The initial phase of the Human Microbiome Project has come to an end — and with it, the mapping of the full community of microbes that inhabit all the various nooks and crannies of the healthy human body. The results of the exhaustive study will be published as a collection in PLoS, making their findings available to everyone.
The PLoS Human Microbiome Project Collection will provide a comprehensive baseline of the microbial diversity found in 18 different areas of the human body. This catalogue will include the reference genomes of thousands of host-associated microbial isolates - those wee beasties in-and-around your body that don't cause you any harm, but are an indelible part of your larger biological make-up. In fact, our health is quite dependent on many of these microbes, who work with us in a symbiotic relationship.
And not surprisingly, the PLos Collection is massive: 3.5 terabases of metagenomic sequences, assemblies, and metabolic reconstructions, and a catalogue of over 5 million different microbial genes. Wow.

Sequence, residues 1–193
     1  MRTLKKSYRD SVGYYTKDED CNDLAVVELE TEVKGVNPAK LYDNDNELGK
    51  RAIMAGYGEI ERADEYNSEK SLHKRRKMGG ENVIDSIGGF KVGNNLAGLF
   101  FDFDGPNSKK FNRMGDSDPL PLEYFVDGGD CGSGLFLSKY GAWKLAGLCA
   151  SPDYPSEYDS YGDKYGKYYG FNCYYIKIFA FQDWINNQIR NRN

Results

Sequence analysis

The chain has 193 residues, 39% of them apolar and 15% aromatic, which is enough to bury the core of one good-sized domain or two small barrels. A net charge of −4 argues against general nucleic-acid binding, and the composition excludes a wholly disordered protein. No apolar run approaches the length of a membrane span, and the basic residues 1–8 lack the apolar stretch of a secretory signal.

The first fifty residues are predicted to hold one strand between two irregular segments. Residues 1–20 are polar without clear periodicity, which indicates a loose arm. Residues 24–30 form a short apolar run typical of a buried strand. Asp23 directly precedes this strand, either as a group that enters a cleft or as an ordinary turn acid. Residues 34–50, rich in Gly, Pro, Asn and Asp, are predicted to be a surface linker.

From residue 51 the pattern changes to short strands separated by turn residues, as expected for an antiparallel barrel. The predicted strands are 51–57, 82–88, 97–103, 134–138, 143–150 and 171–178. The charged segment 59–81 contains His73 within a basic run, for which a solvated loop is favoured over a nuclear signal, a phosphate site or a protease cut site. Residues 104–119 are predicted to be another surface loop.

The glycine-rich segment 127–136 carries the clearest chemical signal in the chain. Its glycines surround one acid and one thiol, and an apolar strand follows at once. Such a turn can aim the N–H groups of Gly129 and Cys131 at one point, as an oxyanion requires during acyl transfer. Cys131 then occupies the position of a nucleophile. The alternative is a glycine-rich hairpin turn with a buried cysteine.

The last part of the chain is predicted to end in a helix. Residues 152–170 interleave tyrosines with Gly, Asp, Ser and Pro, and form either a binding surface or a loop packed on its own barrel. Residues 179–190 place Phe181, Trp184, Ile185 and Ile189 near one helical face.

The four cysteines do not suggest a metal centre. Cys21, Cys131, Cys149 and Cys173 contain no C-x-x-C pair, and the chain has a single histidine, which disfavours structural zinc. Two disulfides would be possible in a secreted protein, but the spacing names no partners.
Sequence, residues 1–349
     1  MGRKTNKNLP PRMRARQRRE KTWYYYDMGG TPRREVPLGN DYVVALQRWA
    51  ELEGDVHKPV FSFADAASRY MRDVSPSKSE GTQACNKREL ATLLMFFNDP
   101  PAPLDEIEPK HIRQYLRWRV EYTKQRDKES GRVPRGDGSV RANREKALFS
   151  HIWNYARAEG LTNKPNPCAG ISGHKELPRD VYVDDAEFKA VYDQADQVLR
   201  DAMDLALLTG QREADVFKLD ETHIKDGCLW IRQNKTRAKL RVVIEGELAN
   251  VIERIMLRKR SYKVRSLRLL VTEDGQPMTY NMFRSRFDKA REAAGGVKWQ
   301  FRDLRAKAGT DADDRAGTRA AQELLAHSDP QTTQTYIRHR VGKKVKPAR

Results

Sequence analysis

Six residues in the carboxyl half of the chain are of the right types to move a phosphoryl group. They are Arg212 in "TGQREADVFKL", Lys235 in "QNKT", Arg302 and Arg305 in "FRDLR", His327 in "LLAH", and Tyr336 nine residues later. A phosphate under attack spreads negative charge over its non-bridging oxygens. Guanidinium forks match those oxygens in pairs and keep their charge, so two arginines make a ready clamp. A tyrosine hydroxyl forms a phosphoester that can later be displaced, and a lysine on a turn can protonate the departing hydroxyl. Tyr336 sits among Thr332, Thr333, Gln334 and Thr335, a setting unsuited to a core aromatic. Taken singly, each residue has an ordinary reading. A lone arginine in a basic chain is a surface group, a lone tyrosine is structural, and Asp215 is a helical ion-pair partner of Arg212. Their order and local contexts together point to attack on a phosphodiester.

The healthy adult body contains 10 times as many microbial cells and human cells, including bacteria, archaea, viruses, and eukaryotic microbes. When you think about it, we're practically made out of microbes.
Funded by the National Institutes of Health Common Fund, the Human Microbiome Project also looked into the relationships between the microbes and us humans to get a better sense of how these interactions correspond to our health. The scientists involved in the project investigated how specific microbial communities differ in relation to a number of specific conditions, a list that included:
- Crohn's disease
- Ulcerative colitis and esophageal adenocarcinoma
- The skin microbiome and psoriasis, and atopic dermatitis and immunodeficiency
- Urogenital microbiome and reproductive and sexual history, circumcision, and a number of Childhood disorders, including pediatric abdominal pain and intestinal inflammation, and neonatal necrotizing enterocolitis
You can check out the entire Human Microbiome Collection here.
Image via Shutterstock/qcontrol.